Across the region, companies should monitor for their exposure to U.S.-China rivalry, including potential changes in their competitive position vis-à-vis Chinese companies. One growing area of U.S.-Chinese rivalry is the ideological competition between the U.S. model of an “open internet” and China’s closed approach. Companies should watch closely whether regional governments begin to encourage the use of Chinese vs. U.S. platforms or providers.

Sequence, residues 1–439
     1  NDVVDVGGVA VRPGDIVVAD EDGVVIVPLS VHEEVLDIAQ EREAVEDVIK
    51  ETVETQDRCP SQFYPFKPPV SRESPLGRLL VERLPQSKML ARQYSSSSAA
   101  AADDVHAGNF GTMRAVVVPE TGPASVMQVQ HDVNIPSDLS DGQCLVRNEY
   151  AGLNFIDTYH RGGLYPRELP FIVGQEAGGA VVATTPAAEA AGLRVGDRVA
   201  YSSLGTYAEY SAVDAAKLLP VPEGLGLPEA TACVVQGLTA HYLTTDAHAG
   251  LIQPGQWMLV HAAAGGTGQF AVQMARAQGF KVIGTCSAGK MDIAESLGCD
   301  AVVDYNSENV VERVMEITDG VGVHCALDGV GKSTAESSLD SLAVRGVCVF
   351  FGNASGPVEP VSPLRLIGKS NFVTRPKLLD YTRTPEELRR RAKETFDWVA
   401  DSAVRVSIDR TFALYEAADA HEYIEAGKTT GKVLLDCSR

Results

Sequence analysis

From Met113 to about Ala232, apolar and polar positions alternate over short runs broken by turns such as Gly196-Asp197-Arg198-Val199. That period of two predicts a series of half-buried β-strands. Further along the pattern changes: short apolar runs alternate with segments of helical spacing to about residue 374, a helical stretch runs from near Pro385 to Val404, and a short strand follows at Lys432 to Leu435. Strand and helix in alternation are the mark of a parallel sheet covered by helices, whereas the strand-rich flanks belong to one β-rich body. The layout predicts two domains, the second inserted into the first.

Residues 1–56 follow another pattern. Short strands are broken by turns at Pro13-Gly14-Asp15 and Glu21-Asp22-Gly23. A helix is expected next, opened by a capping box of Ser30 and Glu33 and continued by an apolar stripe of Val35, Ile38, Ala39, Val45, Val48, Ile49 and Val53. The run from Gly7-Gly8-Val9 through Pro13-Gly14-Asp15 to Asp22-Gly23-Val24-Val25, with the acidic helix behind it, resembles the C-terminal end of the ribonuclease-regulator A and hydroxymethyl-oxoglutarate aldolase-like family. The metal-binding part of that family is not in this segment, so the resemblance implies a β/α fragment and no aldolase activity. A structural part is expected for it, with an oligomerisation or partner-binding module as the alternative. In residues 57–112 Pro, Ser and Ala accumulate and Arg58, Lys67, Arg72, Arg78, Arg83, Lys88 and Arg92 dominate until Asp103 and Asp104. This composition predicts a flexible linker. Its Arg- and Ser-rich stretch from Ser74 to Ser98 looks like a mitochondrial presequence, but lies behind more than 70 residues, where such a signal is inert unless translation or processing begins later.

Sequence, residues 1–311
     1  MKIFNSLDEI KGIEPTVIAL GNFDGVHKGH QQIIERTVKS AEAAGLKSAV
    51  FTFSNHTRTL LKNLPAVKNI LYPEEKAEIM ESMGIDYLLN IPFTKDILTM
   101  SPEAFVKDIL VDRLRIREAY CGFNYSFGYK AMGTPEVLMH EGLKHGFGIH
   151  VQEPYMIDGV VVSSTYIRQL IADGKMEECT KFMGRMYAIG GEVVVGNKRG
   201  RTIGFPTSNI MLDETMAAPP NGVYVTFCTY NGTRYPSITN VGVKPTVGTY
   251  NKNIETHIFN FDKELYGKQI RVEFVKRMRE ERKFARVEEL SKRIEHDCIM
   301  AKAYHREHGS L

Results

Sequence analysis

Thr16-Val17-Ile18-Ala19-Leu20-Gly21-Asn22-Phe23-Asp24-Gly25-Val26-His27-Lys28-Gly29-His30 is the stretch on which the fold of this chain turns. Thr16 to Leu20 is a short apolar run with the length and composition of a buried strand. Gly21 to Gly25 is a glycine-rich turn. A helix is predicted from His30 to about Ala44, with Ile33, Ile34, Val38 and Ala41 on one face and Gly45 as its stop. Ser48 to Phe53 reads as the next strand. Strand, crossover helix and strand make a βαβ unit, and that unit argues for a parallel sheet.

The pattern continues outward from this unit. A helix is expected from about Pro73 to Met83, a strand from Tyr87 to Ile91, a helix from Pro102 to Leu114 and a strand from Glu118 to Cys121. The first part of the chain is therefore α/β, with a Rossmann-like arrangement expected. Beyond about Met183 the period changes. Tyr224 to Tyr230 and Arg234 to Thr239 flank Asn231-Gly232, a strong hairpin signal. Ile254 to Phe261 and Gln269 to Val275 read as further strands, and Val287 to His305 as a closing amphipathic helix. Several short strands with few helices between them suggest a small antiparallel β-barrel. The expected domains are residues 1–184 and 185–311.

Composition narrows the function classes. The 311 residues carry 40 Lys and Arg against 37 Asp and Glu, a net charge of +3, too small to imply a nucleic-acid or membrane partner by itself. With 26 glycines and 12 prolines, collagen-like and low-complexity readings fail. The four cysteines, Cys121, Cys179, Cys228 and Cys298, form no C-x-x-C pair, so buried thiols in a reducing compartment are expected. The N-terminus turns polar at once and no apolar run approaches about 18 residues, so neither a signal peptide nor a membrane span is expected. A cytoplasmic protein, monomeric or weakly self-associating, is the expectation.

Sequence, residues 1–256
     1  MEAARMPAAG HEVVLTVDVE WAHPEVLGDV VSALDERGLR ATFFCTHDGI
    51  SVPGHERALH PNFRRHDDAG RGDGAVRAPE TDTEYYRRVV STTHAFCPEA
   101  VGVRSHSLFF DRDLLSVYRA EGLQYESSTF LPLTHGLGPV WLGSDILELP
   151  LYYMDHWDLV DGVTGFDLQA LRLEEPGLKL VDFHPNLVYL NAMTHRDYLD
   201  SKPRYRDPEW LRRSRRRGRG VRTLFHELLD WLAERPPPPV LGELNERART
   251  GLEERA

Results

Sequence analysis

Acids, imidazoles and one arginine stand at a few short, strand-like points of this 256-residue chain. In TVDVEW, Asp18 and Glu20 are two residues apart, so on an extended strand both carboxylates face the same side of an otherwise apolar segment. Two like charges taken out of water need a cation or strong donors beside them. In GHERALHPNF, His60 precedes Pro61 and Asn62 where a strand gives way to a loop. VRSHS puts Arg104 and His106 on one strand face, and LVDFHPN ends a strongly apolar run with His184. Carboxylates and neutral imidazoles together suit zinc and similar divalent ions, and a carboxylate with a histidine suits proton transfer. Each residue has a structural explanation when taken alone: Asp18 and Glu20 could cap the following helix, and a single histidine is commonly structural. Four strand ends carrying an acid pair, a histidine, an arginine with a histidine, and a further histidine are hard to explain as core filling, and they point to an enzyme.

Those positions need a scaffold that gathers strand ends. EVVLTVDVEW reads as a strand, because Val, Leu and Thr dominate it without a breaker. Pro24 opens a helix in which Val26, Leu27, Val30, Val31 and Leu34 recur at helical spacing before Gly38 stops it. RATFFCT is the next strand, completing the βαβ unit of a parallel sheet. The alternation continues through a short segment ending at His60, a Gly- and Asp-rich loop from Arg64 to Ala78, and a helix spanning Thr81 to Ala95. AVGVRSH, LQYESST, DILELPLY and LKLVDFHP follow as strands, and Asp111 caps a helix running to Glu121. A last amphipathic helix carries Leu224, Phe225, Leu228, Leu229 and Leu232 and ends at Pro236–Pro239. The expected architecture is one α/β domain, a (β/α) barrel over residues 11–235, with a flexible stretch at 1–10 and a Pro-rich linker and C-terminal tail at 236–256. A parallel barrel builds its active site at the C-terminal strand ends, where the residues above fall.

About ASG

Albright Stonebridge Group (ASG) is the premier global strategy and commercial diplomacy firm. We help clients understand and successfully navigate the intersection of public, private, and social sectors in international markets. ASG’s worldwide team has served clients in more than 120 countries.

ASG’s Middle East & North Africa Practice has extensive experience helping clients navigate markets across the region. For questions or to arrange a follow-up conversation please contact Michael Bessey.